The biggest trial in French Polynesia's history could go to France's highest court to determine if the accusations are in line with the Human Rights Declaration.
The case, involving 87 defendants, centres on allegations that in the 1990s veteran politician Gaston Flosse began mis-spending millions of dollars of public funds.
It is alleged Mr Flosse kept journalists, unionists, clergymen and other officials on his administration's payroll to support his political party, Radio New Zealand International reports.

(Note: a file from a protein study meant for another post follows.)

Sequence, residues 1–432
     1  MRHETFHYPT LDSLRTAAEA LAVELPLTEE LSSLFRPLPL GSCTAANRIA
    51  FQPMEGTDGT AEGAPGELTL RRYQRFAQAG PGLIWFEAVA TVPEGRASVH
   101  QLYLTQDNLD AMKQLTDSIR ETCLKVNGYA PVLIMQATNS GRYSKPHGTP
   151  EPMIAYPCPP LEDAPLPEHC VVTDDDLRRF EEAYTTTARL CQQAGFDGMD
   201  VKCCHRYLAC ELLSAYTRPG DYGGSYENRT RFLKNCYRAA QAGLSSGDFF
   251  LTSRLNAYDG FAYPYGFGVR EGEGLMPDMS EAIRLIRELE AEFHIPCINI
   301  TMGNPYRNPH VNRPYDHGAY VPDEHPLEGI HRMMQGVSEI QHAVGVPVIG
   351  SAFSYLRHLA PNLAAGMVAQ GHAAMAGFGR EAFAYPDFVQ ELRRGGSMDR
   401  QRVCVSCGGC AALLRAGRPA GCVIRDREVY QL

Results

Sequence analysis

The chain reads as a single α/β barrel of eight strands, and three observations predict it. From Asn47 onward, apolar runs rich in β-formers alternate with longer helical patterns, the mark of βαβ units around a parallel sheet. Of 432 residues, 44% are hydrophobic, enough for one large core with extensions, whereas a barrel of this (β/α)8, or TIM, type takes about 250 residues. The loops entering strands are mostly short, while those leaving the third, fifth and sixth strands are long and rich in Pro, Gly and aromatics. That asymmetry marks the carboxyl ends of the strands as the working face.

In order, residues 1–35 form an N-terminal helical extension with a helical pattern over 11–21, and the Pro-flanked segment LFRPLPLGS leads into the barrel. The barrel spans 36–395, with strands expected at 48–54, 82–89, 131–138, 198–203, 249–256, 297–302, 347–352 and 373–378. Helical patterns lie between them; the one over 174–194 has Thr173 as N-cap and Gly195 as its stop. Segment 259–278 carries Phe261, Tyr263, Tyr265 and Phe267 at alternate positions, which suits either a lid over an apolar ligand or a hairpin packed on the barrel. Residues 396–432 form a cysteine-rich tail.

At the trial's opening on Tuesday, Mr Flosse's lawyer invoked a new French constitutionality clause to challenge the accusations.
The court will say on Wednesday whether the challenge stands.
In March, one of Mr Flosse's lawyers used the same clause to give former French president Jacques Chirac a reprieve on charges of channelling public money into phantom jobs for political cronies while he was the mayor of Paris.